We have two SQL Server 2008R2 Standard servers, and we've set up replication of a single database between them. The replication is about as simple as it can get - it's a transactional replication from server A to server B; effectively a one-way push of data.

It's been running for a couple of years, and when it works it works fine - INSERTs or UPDATEs on server A appear on server B within a few seconds. However, at least 3 or 4 times a year, the replication stops for no apparent reason; sometimes after a reboot (mainly due to Windows Updates), but at other times halfway through the day.

I've spent hours reading documents and trawling through log files, but I still can't determine WHY the replication has stopped. A tracer token normally gets from Publisher to Distributor but no further.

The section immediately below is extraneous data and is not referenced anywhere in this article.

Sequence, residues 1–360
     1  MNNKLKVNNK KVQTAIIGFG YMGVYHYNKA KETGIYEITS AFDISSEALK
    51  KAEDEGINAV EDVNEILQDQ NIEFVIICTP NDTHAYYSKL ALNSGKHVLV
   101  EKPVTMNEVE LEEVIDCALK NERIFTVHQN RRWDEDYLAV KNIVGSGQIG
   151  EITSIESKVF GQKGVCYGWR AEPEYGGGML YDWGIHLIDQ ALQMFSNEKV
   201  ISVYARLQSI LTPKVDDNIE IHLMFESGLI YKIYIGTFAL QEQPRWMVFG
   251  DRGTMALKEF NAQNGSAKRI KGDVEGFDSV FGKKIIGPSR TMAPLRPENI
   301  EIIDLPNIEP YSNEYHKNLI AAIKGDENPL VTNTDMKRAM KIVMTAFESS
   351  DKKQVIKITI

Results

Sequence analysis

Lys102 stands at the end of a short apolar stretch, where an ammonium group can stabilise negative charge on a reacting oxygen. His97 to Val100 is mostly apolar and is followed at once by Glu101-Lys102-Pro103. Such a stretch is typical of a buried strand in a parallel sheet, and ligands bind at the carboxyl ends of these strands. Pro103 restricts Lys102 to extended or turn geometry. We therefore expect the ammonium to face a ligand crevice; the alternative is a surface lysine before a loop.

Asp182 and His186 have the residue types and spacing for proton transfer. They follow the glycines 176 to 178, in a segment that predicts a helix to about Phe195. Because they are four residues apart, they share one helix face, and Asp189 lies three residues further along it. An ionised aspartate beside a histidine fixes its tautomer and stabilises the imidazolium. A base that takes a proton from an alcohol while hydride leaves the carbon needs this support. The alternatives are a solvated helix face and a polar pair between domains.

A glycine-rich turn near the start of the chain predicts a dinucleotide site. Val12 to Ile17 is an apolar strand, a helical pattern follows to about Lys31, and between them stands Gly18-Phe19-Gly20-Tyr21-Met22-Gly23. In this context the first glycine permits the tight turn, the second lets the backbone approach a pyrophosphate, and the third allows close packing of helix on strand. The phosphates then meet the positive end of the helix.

Every time this happens, I set out determined to finally crack why it's failing, only to give up, blow away the Subscriber and start again from scratch. This fixes the problem (after a couple of hours bulk copying etc), but I know it will happen again. I may be being unfair, but it does seem to be a ragbag collection of SQL agent jobs that keep the whole thing hanging together, and it seems very difficult to troubleshoot.

So with due apologies for the subjective nature of this question, but: is SQL replication fit for purpose? Are there best practises that I should be following to maintain the stability of replication? Is it just me, and SQL replication is normally pretty solid?

  • Have you ever found the solution?
    – MichaelD
    Dec 10, 2015 at 16:41
  • We eventually scrapped the "build-in" migration, and hand-knitted our own solution based on Log File Shipping :( I've no idea if it's improved in more recent versions, but it did seem pretty badly broken in 2008R2.
    – KenD
    Dec 10, 2015 at 16:51


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